Novel Coronavirus a 'Tremendous Public Health Threat,' CDC Says

Troy Brown, RN

February 21, 2020

The Centers for Disease Control and Prevention (CDC) is preparing for potential community spread of the novel coronavirus in the United States — which has 34 confirmed cases as of today — and is not ruling out the future need for school and business closures such as those implemented in China.

"This new virus represents a tremendous public health threat. We don't yet have a vaccine for this novel virus, nor do we have a medication to treat it specifically," Nancy Messonnier, MD, director, National Center for Immunization and Respiratory Diseases, CDC, said during a telephone news briefing today.

On February 20, the US Department of State issued a travel alert advising citizens to "reconsider travel by cruise ship to or within Asia," Ian Brownlee, principal deputy assistant secretary, Bureau of Consular Affairs, Department of State, said during the news briefing.

"While the US government has successfully evacuated hundreds of our citizens in recent weeks, such repatriation flights do not reflect our standard practice and should not be relied upon as an option for US citizens under potential risk for quarantine by local authorities," Brownlee said.

"We urge US citizens to evaluate the risks of choosing to remain in an area that may be subject to quarantine and to take all appropriate proactive measures."

Brownlee encouraged travelers to enroll their trips on the US Department of State's Smart Traveler Enrollment Program.

The CDC is working with the state department to provide "up-to-the-minute" information for travelers, Messonnier explained.

Earlier this week, 329 passengers from the Diamond Princess returned to the United States on two state department-chartered flights. Of those, 18 have tested positive for virus by the CDC and 10 were reported positive in Japan. Of the 18 cases here in the United States, 11 are being cared for at the University of Nebraska Medical Center, five are being cared for at Travis Air Force Base, and two are being cared for at Joint Base San Antonio-Lackland.

These individuals are considered at high risk for infection and the CDC expects to see additional confirmed cases of COVID-19 among them.

Changes Made to Case Tracking

The CDC has changed the way it is tracking cases to separate infection in individuals who were repatriated to the United States from other cases.

"We are keeping track of cases resulting from repatriation efforts separately because we don't believe those numbers accurately represent the nature of what is happening in the community in the United States at this time," Messonnier explained.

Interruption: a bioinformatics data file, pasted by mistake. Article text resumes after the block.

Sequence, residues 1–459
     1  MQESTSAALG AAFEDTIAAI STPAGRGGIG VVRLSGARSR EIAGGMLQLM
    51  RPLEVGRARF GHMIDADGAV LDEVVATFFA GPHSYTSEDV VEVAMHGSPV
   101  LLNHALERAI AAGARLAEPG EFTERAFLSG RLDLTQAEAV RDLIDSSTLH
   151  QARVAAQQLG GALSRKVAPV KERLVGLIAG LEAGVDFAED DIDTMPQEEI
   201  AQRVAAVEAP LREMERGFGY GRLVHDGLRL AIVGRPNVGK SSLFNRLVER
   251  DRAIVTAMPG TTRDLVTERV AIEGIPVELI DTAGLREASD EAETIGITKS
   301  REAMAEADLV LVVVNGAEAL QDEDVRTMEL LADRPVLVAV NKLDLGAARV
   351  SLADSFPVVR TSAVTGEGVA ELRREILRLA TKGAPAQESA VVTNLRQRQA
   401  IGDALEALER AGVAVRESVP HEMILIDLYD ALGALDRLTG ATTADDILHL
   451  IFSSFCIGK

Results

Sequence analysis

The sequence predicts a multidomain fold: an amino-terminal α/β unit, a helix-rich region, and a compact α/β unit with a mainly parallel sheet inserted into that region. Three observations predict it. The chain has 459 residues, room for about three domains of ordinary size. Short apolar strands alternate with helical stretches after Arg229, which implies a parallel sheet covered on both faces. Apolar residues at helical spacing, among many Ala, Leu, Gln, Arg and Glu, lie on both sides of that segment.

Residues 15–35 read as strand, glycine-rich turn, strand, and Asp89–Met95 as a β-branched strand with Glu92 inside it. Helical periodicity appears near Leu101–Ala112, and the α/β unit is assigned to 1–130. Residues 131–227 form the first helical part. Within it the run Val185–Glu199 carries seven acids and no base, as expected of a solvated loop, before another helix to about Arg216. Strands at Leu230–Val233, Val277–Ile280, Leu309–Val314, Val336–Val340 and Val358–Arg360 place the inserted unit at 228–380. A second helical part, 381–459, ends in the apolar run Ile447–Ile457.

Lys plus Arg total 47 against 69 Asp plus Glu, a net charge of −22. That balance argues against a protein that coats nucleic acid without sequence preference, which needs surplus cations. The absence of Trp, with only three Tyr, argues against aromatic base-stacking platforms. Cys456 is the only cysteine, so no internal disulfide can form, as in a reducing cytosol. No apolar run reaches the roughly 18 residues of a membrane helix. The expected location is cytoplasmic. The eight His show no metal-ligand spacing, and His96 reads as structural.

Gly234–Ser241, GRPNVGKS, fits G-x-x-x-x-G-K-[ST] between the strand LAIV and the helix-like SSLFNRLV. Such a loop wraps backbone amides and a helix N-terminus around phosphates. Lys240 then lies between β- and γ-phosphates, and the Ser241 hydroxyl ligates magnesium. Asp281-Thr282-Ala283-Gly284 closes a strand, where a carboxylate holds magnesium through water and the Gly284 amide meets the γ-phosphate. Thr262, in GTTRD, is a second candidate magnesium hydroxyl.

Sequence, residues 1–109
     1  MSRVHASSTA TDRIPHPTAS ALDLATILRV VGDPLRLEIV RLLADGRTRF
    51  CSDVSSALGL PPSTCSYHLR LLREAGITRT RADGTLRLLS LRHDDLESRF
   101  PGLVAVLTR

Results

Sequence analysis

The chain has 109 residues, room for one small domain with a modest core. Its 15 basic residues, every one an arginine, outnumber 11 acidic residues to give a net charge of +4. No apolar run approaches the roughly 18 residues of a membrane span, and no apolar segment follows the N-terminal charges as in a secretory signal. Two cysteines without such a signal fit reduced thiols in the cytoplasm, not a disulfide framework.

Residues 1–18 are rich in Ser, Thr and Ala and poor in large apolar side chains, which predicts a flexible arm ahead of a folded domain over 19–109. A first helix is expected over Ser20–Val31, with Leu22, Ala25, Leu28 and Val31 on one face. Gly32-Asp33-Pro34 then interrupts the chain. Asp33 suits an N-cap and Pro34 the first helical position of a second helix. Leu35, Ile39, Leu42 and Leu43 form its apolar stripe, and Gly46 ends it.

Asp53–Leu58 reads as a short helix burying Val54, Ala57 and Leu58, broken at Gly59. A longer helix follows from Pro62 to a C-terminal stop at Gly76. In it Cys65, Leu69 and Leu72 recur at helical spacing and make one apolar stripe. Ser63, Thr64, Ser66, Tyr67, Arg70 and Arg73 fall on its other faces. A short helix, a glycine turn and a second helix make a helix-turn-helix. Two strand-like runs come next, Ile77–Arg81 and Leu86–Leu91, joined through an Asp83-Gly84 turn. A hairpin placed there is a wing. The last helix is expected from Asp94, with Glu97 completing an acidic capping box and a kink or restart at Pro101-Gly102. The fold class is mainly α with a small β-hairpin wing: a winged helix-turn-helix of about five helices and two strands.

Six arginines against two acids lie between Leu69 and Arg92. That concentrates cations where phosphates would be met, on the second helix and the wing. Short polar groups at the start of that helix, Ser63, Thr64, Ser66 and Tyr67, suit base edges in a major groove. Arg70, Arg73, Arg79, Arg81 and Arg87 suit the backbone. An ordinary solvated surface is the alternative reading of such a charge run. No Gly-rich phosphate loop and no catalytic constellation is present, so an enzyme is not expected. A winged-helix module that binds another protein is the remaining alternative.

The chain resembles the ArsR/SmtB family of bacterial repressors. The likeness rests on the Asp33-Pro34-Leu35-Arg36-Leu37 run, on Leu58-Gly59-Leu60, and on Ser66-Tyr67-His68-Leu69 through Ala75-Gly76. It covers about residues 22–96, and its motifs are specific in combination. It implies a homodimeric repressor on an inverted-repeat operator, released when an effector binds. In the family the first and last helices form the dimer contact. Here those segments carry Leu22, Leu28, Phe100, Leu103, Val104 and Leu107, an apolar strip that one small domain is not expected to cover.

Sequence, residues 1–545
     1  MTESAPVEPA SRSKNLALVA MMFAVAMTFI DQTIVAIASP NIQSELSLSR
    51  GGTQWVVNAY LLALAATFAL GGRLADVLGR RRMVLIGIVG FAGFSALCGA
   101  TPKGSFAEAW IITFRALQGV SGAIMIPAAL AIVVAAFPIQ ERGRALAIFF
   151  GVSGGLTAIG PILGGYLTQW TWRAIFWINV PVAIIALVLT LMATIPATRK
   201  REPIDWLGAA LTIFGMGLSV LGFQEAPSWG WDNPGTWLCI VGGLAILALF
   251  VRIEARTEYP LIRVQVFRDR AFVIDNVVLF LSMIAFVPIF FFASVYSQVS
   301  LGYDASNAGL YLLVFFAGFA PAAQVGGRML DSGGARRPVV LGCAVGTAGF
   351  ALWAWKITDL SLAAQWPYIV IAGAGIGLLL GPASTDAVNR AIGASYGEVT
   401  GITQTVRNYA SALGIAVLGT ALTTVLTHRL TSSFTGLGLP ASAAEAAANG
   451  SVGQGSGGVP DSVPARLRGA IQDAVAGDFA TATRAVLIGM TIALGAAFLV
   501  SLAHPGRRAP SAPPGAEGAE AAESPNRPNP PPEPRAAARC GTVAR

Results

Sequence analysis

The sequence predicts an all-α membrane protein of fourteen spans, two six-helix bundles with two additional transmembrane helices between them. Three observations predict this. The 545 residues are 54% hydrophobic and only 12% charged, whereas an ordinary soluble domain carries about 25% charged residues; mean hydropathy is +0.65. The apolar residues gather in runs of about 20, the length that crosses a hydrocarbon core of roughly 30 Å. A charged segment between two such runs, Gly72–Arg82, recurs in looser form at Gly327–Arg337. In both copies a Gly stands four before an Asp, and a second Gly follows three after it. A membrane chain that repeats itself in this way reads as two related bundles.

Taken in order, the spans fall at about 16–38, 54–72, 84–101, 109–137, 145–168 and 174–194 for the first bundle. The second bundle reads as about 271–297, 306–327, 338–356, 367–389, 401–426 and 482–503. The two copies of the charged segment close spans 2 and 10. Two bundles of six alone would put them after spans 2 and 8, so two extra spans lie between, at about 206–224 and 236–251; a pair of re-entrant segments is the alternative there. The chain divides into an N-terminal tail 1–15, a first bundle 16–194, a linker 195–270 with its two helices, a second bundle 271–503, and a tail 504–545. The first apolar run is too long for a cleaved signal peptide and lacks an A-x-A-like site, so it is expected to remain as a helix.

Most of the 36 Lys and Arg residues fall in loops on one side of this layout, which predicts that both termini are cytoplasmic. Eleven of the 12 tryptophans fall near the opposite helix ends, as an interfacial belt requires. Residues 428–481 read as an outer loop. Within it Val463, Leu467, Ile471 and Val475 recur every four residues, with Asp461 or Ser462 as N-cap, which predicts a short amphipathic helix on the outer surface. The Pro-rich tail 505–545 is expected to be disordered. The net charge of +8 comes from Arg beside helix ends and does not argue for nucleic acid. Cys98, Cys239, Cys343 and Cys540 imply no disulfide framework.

Separating cases out in this way, there are 13 US cases versus 21 cases among individuals who were repatriated as of February 21, for a total of 34. Repatriated cases include 18 passengers from the Diamond Princess and three from the Wuhan repatriation flights.

Almost all remaining individuals who have returned to the United States from Wuhan, China, on state department-chartered flights and who have been quarantined at Department of Defense installations have completed their 14-day quarantine and are not at risk of spreading the virus to others, Messonnier said.

Many of these individuals are older than 60 years; therefore, the CDC is preparing for these patients to develop additional issues that will require hospitalization.

Several US citizens are currently hospitalized with COVID-19 in Japan and are seriously ill.

Community Spread: "Very Possible, Even Likely"

Messonnier said the CDC believes their aggressive approach is effective.

The fact that the number of cases in the United States is still low is "good news given what we are seeing among some countries in Asia that are beginning to experience community spread," she said.

Community spread, when cases are detected in the community but the source of the infection is unknown, is being reported in Hong Kong, Japan, Singapore, South Korea, Taiwan, Thailand, and Vietnam. The United States issued Level 1 travel notices for Hong Kong and Japan earlier this week.

"We never expected that we would catch every single traveler with novel coronavirus returning from China, given the nature of this virus and how it's spreading," Messonnier said, emphasizing that community spread of the virus is not being seen in the United States yet but it is "very possible, even likely, that it may eventually happen."

"The day may come" when the United States implements school and business closures such as those currently being enforced in Asia, Messonnier warned.

The CDC's goal continues to be slowing the spread of the virus in the United States, which will "buy us more time to prepare our communities for more cases and possibly sustained spread."

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